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Everything posted by Akstraw

  1. Been driving this one this week. One of the most fun cars in my collection.
  2. I appreciate your replies. Based upon your input, I closely inspected the original piece of wood from below the seat cushion, behind the feet. I have found the two holes where the plate was originally mounted; but mine was on the driver's side. That is where I will put it. Thanks again for help!
  3. I think there are multiple examples of GM re-badging Opels as American brands.
  4. 1930 Franklin Convertible Coupe has a 7" windshield.
  5. A specially equipped Marmon 34 Speedster, driven by Barney Oldfield, was the pace car for 1920, leading the field at 80 mph. Oldfield liked the car so much, that he bought it. Oldfield would go on to own several more Marmon automobiles. A public offering of the pace car version of the Marmon followed later that year (1920), after the race. Joe Dawson paced the 1928 Indy in a Marmon 78. (from "The Marmon Heritage" by Hanley & Hanley, 1985)
  6. I had a similar situation on an AA truck wheel. I just took the sawzall and made one radial cut through the whole tire, cutting through the slot in the lock ring on the front. On the back side, I cut through an inch or so of the rim in order to sever the tire bead, and just welded that up afterward. Not an elegant solution, but efficient. Tire came right off with a little assistance on the bead from an air chisel.
  7. Interesting question. I am not aware of anyone who collects or archives window stickers per se, but it is an intriguing concept. if I were looking for such, I would seek out a vintage Datsun club or forum, and post there. More than a few window stickers have ended up in the glove box for the life of the car. If you just want the original MSRP, these are easy to find on Edmunds or NADA sites
  8. Not sure exactly what you are after, but I bought something like this a year ago from a company called California Pontiac Restoration. Similar to this current listing on eBay. https://www.ebay.com/itm/WAFFLED-UNIVERSAL-HOOD-DECK-LID-INSULATION-PAD-MATERIAL/303561440996?hash=item46adabfee4:g:--EAAMXQwKdRffJo
  9. I don't know what for, but seeing your find makes me want one!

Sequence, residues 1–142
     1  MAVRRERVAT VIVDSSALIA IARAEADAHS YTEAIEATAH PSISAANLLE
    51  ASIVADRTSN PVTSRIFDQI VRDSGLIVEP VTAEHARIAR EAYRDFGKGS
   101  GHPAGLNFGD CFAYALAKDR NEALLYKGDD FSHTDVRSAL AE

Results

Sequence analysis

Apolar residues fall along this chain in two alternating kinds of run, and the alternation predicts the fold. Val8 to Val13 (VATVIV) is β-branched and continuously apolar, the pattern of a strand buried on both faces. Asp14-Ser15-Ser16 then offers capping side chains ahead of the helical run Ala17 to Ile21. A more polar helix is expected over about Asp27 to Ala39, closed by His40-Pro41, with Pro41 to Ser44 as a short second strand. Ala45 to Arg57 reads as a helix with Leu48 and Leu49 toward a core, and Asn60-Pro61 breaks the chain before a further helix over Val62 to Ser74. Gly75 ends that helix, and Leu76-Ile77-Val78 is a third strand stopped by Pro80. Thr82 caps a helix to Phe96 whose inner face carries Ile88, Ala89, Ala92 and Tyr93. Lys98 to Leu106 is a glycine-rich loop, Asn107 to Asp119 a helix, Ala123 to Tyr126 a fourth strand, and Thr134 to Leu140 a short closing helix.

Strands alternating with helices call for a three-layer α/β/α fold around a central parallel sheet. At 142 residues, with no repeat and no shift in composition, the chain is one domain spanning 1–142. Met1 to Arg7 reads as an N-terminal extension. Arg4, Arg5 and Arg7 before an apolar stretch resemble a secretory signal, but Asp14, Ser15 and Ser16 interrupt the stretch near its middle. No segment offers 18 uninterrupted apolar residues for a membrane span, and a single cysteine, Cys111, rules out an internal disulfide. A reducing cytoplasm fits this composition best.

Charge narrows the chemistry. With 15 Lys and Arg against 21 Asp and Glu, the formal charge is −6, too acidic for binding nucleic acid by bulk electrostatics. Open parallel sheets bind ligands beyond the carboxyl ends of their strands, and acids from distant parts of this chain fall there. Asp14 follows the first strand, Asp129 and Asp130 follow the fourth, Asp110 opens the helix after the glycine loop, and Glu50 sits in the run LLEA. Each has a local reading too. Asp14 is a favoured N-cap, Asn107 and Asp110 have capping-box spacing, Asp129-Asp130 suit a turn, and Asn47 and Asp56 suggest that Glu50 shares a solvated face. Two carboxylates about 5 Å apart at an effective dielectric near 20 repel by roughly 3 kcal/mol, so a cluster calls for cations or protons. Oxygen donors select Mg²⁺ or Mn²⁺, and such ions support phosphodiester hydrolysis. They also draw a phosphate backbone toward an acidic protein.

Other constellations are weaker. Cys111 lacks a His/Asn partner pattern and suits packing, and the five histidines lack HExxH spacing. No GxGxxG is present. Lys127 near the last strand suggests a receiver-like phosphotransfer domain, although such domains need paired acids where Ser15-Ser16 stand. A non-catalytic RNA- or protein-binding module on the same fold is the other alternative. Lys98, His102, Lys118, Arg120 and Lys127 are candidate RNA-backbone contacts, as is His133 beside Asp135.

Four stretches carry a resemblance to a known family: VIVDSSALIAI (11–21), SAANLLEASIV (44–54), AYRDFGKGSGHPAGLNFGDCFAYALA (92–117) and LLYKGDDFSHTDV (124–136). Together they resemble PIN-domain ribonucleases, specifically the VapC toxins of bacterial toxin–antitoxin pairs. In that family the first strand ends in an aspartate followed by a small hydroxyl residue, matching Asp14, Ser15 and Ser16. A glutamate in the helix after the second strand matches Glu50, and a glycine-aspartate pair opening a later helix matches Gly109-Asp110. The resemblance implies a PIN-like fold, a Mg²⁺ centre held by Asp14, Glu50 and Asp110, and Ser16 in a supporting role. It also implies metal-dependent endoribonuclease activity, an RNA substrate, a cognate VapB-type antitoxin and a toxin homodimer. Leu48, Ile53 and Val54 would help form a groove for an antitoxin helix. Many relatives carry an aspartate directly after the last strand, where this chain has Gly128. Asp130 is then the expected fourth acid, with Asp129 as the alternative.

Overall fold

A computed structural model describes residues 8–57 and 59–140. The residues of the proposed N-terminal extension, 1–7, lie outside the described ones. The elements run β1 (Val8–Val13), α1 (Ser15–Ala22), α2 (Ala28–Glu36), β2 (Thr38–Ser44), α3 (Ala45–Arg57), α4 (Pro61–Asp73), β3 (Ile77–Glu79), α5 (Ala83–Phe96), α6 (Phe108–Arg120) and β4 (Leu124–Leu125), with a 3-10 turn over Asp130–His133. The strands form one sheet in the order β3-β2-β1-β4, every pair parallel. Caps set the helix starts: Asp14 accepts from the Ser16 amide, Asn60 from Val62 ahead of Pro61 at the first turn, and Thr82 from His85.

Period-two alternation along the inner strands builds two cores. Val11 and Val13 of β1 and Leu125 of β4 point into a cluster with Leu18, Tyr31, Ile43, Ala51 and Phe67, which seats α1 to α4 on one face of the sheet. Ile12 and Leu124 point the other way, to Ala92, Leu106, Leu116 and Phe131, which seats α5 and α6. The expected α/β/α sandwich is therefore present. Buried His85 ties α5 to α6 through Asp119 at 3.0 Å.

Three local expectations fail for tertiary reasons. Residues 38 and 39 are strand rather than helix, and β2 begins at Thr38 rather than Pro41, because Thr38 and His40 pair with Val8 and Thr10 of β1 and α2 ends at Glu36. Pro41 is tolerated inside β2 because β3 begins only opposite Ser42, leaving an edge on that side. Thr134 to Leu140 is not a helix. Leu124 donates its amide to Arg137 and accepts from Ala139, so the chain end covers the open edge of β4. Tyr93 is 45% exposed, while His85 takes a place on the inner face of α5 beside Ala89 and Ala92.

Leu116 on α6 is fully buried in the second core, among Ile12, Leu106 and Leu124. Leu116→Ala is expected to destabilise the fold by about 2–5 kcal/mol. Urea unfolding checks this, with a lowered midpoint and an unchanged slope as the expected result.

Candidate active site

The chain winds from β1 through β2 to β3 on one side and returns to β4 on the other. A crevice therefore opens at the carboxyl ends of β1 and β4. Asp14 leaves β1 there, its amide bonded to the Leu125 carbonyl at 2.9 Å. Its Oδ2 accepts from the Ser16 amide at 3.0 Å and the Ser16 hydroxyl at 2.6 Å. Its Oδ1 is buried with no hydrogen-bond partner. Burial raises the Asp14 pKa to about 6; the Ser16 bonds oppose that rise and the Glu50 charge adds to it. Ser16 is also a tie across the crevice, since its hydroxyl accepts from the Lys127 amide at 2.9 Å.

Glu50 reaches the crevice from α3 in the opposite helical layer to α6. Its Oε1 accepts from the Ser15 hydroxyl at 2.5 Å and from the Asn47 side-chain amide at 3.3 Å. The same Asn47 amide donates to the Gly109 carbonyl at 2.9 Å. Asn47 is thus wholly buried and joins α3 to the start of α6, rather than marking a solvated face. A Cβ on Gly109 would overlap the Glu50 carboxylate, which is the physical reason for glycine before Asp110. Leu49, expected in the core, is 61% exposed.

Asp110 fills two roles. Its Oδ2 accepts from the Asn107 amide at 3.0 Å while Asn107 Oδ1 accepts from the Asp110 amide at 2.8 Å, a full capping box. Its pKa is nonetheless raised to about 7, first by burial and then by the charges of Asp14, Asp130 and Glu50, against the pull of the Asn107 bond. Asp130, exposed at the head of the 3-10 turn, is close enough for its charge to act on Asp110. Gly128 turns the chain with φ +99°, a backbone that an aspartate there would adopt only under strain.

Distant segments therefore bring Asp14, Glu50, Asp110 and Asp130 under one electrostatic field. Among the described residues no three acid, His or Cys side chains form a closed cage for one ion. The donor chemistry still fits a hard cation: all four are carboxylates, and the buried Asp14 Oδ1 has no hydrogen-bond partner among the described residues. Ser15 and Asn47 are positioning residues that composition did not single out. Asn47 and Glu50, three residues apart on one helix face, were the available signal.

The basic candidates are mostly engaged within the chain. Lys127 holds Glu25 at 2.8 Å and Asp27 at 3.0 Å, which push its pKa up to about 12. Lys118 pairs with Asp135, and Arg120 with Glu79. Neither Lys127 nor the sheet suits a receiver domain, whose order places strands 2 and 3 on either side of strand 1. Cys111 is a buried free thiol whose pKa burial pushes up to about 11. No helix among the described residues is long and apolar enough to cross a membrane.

10. Pfitz on this site made some custom ones for my Marmon. Nice job, too.
  11. I have nothing useful to offer, but must say that it is quite an interesting find. If only objects could talk, the stories this one could tell!
  12. Looks very much like the wheels on my 1932 Detroit Electric. I will have to make some measurements tomorrow to be sure. I have no idea who was DE's supplier, though.
  13. I agree with Matt. You should not expect your 1953 Buick starter to turn the engine as rapidly as does a modern car. It never did. The objective of the starter was not to achieve operating speed, but rather to get one cylinder to fire, then let engine do the rest.
  14. Spoiler alert: Everything you read on the Internet is not true.
  15. Twice I have instructed my young assistants from Poland how to drive an automatic. Totally unfamiliar to them. A few laps around the mall parking lot, and they were good to go. Both women said that the strangest thing was that they continued all week to reach for the shift lever.
  16. Can any Detroit Electric owners tell me where their VIN plate is located? The plate on my Model 75/Model 97 was placed in the center of the instrument panel by a prior owner/restorer. This isn't the most attractive location. I am wondering whether it is correct. (sorry for upside-down picture.)
  17. The workmanship looks rather impressive to me. Good luck with your sale.
  18. P/n 9953 crosses to a 37-48 Oldsmobile 6 cyl in my 1955 Victor Gaskets book.
  19. Not in Nashville, but I have had a good experience with Buckeye Auto Electric in Ohio.
  20. Long Beach location makes sense, since that is where they were manufactured. I'd love to have(and restore) it, if it were on my side of the country. Good luck with your sale!
  21. Not really automotive, one of my favorites (it must be true, I learned it in third grade) is: Stained glass windows in old churches are thicker at the bottom than at the top because glass is a liquid, and it flows slowly over time. We should start seeing this effect on our 'original' brass cars soon.
  22. Reminds me of a truck I photographed in Havana in 2012:
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